I imagine that the first thing Martha Stewart does in planning a dinner party is create a guest list. Of course it’s possible that, instead, she begins with an idea of some dish she’s been craving, say, pork belly and tomato aspic, and then goes through her mental list of friends, crossing off those she knows will hate tomato aspic.
Whatever Martha’s approach, it couldn’t be farther from mine. I start with paper napkins, not any paper napkins, but those that catch my eye when I’m not shopping for them. A week ago, I was wandering through the gift shop of the Seattle Repertory Theatre and spotted napkins that featured a tastefully psychedelic, bronze elephant. The beast was in a garden setting that belonged to the India of maharajas and maharanis. I bought the napkins.
“Now that I have these napkins,” I told my husband, “we need to invite friends to dinner.” I could have entertained friends using napkins I already possessed, except that my other winter-themed paper napkins came from Iceland. If I used them, I’d run out before winter was over. They featured the design of the Icelandic sweater. For me they are better than the real sweaters made from wool and presumably itchy. I’m meting them out very slowly, because it’s not likely I’ll find substitutes to bring back the same happy travel memories.
I pictured the bronze elephants matching my bronze placemats and could already envision my gorgeous Martha-style table setting. That picture lasted until the day before the planned dinner, when my husband and I pulled the placemats out of the drawer. Hmm. They weren’t really bronze, but rather a two-tone, indescribable metallic color. Oh well, the elephants were still beautiful even if they didn’t look quite right with the placemats.
“That’s not the only problem,” my husband said, “We have four placemats, not six.” So I had no choice but to add two multicolored, multi-patterned placemats to the four metallic ones. And none of them matched the napkins.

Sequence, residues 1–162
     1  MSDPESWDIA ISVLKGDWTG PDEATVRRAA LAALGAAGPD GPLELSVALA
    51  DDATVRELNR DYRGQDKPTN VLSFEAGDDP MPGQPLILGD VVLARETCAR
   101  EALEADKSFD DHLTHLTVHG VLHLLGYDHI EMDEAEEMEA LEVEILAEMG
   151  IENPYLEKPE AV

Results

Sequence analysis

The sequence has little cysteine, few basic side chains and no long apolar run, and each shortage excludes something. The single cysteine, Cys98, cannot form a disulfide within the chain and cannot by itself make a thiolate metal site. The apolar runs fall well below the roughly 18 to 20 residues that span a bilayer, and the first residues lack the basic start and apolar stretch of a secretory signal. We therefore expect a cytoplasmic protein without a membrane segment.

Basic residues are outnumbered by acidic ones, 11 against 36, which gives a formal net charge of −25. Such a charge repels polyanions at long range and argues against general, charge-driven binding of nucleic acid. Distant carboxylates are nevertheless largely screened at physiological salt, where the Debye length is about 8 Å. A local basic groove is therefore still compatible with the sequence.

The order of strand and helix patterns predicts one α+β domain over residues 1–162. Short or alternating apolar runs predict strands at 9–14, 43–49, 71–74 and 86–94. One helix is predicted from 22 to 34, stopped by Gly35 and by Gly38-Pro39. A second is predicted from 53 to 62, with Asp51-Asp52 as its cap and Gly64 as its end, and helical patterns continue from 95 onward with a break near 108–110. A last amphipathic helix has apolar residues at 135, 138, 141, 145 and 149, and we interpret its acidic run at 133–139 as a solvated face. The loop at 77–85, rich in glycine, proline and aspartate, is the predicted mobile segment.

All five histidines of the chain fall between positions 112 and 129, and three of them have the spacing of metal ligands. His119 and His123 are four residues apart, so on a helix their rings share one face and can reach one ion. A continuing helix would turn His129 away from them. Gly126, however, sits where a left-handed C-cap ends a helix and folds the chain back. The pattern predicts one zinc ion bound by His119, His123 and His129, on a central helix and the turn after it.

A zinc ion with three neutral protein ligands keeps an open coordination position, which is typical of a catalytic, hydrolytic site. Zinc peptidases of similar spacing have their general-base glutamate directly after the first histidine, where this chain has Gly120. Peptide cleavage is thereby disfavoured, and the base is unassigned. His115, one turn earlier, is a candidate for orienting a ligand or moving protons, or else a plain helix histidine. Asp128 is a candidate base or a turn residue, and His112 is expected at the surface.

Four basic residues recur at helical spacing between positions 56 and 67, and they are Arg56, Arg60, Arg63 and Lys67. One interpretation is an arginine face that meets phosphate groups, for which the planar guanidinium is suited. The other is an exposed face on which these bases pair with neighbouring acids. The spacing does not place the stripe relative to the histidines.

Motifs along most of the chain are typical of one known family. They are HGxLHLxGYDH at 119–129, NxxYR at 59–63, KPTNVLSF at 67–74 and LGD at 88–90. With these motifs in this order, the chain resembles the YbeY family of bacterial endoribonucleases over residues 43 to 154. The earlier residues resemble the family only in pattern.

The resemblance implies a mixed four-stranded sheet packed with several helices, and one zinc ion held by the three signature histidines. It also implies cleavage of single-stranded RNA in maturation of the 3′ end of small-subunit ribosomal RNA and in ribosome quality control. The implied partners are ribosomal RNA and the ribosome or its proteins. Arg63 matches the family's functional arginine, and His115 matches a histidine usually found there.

The day of the party, we discovered another snag: we had only five bowls for the hearty soup
as a child
to feed six hungry guests.
The only other obstacle to a brilliant Martha-Stewart table was the barely begun picture puzzle lying at the end of the dining room table. I’d started to put the 750 pieces together a few weeks ago, when we were staying in a cabin in the snowy Methow Valley. The image on the puzzle was so complex that I didn’t get very far on it, so I brought it home.
I studied the table before the guests arrived: the mis-matched placemats that didn’t go with each other or the napkins, a picture puzzle filling a third of the table, and one missing soup bowl.
I asked myself what Martha would do if she found herself in a situation like this. Of course she wouldn’t find herself in this predicament, so I couldn’t answer my question.
After the meal was over, I explained to the guests that the napkins were what spurred me to invite them to dinner. They nodded, unfazed by this revelation, and urged me to keep buying napkins.